Court rules Germany liable for plane crash
27 July 2006, CONSTANCE, GERMANY - Germany will have to pay damages for a mid-air collision over the south of the country that claimed 71 lives four years ago, a court ruled Thursday.
27 July 2006
CONSTANCE, GERMANY - Germany will have to pay damages for a mid-air collision over the south of the country that claimed 71 lives four years ago, a court ruled Thursday.
Bashkirian Airlines, owner of one of the planes, had sued the German government for 2.6 million euros ($3.4 million), the value of its Tupolev 154 airliner, which was carrying 57 passengers and 12 crew.
Nobody survived the July 1, 2002 collision in German airspace with a Boeing 757 DHL cargo plane, which had a crew of two.
The court found that Germany was liable even though the collision was blamed on an inattentive air traffic controller working for the Swiss company Skyguide, which had responsibility for the sector where the accident occurred.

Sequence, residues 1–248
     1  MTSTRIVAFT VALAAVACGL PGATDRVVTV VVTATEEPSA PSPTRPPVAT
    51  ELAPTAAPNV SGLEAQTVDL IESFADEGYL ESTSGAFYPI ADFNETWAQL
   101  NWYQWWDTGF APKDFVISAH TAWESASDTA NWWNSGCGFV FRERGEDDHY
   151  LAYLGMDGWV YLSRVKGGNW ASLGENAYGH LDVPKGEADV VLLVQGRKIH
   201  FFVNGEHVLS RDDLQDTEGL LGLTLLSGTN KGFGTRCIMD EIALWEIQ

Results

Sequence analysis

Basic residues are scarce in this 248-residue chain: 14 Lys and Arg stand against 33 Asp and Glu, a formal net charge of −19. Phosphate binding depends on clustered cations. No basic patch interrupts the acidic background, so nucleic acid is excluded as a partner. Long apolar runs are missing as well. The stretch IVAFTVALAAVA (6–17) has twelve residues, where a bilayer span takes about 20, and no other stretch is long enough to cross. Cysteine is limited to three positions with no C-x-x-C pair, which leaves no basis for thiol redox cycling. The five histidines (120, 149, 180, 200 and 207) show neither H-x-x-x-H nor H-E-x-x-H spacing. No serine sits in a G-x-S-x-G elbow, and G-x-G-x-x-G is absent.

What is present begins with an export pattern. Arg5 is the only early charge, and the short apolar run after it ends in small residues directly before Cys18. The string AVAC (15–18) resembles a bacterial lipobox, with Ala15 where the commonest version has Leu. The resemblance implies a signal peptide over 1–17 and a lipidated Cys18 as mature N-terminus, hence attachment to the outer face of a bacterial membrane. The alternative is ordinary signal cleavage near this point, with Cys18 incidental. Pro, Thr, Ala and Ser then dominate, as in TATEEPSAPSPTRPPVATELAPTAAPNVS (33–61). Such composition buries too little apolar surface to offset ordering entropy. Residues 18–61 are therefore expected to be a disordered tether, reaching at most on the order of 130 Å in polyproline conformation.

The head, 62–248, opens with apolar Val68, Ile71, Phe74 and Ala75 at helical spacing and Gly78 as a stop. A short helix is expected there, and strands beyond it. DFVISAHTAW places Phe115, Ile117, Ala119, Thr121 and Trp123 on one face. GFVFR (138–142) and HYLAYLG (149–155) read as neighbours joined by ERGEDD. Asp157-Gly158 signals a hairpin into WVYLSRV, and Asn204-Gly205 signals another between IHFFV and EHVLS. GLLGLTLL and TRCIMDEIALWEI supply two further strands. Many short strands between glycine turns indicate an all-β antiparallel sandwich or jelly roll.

The Russian airline maintained that Germany allowed the Swiss to manage the airspace close to the Swiss border, but did not formally transfer its legal liability to the Swiss.
A German aviation-accidents inquiry blamed Skyguide for putting the two planes on collision course and giving them the wrong collision-avoidance orders. A relative of a Bashkirian passenger stabbed to death the Skyguide controller in 2004.
German and Swiss prosecutors are also preparing criminal charges against up to seven surviving Skyguide personnel.
DHL also plans to sue Germany for 36 million euros for the loss of its jet, while a Skyguide's Swiss insurer, Winterthur, is suing Bashkirian Airlines. The families of at least 30 dead are also mounting suits. The planes crashed near Ueberlingen, a German town.
Subject: German news